The recent spate of natural disasters such as last year’s Typhoon Haiyan in Philippines and Sichuan earthquake in China, has prompted the urgent need of a crisis centre.
Singapore’s Defence Minister Ng Eng Hen has offered the Changi Command and Control (C2) Centre to host a regional Humanitarian Assistance and Disaster Relief (HADR) coordination centre to help respond speedily and effectively to a disaster situation.
This offer was made at an Association of Southeast Asian Nations (ASEAN)-US Defence Ministers’ informal meeting held in early April; and it received support by the ministers.
It is possible that the proposed HADR would leverage video collaboration solutions which provide lifelike, interactive communication between teams that are often separated by distance. The adoption of this technology will allow organisations to rapidly respond to emergency situations and share field visuals with government officials located in situation rooms or command and control centres.
Computerworld Singapore spoke to Alphonzo Albright, Global Director, Government: National, State and Local Solutions and Market Development, Worldwide, Polycom to learn more about its videoconferencing solution and how it assists in disaster relief efforts.
How are communication lines and relief efforts augmented through the use of video collaboration solutions; and what are the benefits of implementing these solutions?
The benefits of video conferencing and video content management are already widely recognised by world-class emergency services teams. These proven technologies enable personnel to augment preparations for a disaster, to quickly assess situations via visual feeds and to securely communicate face-to-face in any environment, whether from an offsite command centre or in the field, thus helping to ensure rapid and informed decision-making for greater mission success.
Accurate planning, design and implementation of unified collaboration and communication (UCC) systems help enable a rapid, uninterrupted flow of information between government officials and the outside world. The command centre is able to seamlessly handle the sharing of intelligence from a multitude of sources, and allow officials to review multiple video feeds as well as process large amounts of information in an organised manner.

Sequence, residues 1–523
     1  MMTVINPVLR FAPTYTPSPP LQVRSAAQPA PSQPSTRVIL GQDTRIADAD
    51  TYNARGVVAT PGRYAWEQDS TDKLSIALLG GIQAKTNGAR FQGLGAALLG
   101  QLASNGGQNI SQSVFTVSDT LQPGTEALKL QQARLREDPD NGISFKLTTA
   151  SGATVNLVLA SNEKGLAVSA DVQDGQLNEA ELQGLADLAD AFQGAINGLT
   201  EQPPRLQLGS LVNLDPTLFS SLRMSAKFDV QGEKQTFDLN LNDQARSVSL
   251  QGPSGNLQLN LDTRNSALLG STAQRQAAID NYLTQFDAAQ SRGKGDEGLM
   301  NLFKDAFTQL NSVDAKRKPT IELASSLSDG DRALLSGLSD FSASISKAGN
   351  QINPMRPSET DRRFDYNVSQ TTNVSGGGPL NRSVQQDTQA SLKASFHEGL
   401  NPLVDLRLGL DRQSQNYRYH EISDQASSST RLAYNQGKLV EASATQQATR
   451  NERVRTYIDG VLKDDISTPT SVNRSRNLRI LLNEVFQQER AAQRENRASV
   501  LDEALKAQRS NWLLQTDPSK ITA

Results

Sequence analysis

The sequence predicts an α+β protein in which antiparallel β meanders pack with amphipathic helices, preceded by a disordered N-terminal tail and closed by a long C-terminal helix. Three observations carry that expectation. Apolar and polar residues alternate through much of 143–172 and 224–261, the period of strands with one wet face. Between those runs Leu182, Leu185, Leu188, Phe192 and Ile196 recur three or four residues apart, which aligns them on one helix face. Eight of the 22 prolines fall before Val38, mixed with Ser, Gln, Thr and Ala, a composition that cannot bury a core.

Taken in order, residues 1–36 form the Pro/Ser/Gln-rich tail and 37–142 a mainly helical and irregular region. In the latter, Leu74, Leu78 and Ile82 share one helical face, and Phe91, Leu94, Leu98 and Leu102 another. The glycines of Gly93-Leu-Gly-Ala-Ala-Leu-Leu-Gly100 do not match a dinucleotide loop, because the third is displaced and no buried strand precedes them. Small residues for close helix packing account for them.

Multiple agencies are also able to achieve high levels of interoperability through the usage of video collaboration solutions without having to sacrifice existing infrastructure. When an emergency strikes, video links can be created between various agencies. An ongoing video feed from the disaster site or location itself can be shared seamlessly thus allowing experts from various agencies to analyse the data simultaneously and make appropriate suggestions and employ proper counter measures and responses. This means agencies have greater awareness of what other agencies are doing and would also speed up response times significantly.
This is opposed to the method of old where, first responders on the ground would have to phone in and describe the situation to one agency which would then have to relay that information to other organisations. To make matters worse, as experts not on the ground would only have a verbal description of the situation. This, of course, may not be entirely accurate and the decided-upon course of action may not be appropriate, thus slowing down and reducing the effectiveness of relief efforts.
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